Q3. Was it very challenging?
A. The production was very demanding, but I had the best team that one could imagine. Getting the right permissions to film at our selected locations was very demanding as was setting up a 30-metre-high slackline across the Red Fort. Sebastian Fuchs, spokesperson of the Embassy of Germany, gathered all the permissions that were required. I would also like to express my gratitude to the officials of the Ministry of External Affairs and the Archaeological Survey of India. Without their help and trust, we could not have realized our project.
Q4. What kind of conversations did you have with Sebastian at different stages of the project?
A. Sebastian and I made a great team. Already in the earliest stages of pre-production, we called each other on a daily basis and made sure to align on all big topics such as creative direction, production and the event curation. What I like the most about him (besides many other things), is his hospitality and the fascination he has for India. Unfortunately, we have not been able to travel together yet.
Q5. What was it like to work with Indian slackliners as well as the internationally renowned Alexander Schulz?
A. India has this big and constantly growing slackline community. It was a big honour for us to work together with the local slackliners. The Indian slackline community is very well connected and does amazing projects all over the place. Alex and I have worked closely together for years and we are very excited to see the development of the sport in India over the next years.
Actually, Alex has already booked a ticket back to India again and cannot wait to come back. Also, other than the slackliners, we also teamed up with many other creative people for the film, including Mohammed Abood from Boxout.fm, Yogesh Saini from Delhi Street Art, a 14-year-old trapeze artist from Mumbai named Ganga who is the central figure of the film and Sagar Singh, a creative artist.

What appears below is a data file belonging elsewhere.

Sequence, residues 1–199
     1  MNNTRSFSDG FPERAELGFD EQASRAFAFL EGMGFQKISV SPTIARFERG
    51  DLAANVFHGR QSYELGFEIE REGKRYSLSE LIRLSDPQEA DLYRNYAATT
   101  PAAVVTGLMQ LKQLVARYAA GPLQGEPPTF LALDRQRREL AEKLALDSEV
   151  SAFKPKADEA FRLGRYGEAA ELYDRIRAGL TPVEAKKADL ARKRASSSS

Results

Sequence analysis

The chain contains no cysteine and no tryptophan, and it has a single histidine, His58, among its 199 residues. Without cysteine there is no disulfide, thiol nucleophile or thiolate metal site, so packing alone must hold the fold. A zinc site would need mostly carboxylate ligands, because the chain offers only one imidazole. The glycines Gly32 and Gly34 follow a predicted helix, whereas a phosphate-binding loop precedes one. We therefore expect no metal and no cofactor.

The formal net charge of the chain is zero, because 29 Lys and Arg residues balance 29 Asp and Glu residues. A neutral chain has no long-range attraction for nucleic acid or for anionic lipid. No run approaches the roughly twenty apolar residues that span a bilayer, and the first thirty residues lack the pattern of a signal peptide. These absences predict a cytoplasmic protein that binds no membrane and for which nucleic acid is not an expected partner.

Q6. How satisfying has the project been for you?
A. Well, I am never completely happy with my work. But I am really proud of what we have achieved together as a team. What I like the most about the piece is the power of the historic part in the beginning, the aerial photography, and the flow of the exploration of Chandni Chowk, among other things. I really hope that our film will play at different film festivals in India and has a chance to be seen by more people.
Q7. How do you look at the ongoing ‘Azadi Ka Amrit Mahotsav’ celebrations?
A. I am very excited. My heart is with India for this amazing anniversary, all its amazing people, its insanely beautiful nature — and I am so excited about the next coming years. The people we worked together with were a big inspiration for me and I never experienced a country with such a giant creative potential.
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Murtaza Ali Khan has been a film critic since 2010. He has curated and presented retrospectives and film festivals for various embassies and high commissions in New Delhi. He has also served on the jury for a variety of film festivals. He tweets at @MurtazaCritic